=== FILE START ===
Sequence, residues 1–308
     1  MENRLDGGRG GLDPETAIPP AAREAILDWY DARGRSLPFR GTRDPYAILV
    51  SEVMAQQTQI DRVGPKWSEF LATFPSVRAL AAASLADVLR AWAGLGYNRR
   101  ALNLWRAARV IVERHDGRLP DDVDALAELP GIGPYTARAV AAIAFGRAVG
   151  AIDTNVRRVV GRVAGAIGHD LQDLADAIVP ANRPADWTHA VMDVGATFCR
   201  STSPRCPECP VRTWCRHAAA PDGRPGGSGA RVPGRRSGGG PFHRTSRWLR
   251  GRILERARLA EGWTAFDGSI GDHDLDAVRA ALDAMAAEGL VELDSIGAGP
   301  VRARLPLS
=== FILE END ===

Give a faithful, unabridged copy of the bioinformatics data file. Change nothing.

Sequence, residues 1–308
     1  MENRLDGGRG GLDPETAIPP AAREAILDWY DARGRSLPFR GTRDPYAILV
    51  SEVMAQQTQI DRVGPKWSEF LATFPSVRAL AAASLADVLR AWAGLGYNRR
   101  ALNLWRAARV IVERHDGRLP DDVDALAELP GIGPYTARAV AAIAFGRAVG
   151  AIDTNVRRVV GRVAGAIGHD LQDLADAIVP ANRPADWTHA VMDVGATFCR
   201  STSPRCPECP VRTWCRHAAA PDGRPGGSGA RVPGRRSGGG PFHRTSRWLR
   251  GRILERARLA EGWTAFDGSI GDHDLDAVRA ALDAMAAEGL VELDSIGAGP
   301  VRARLPLS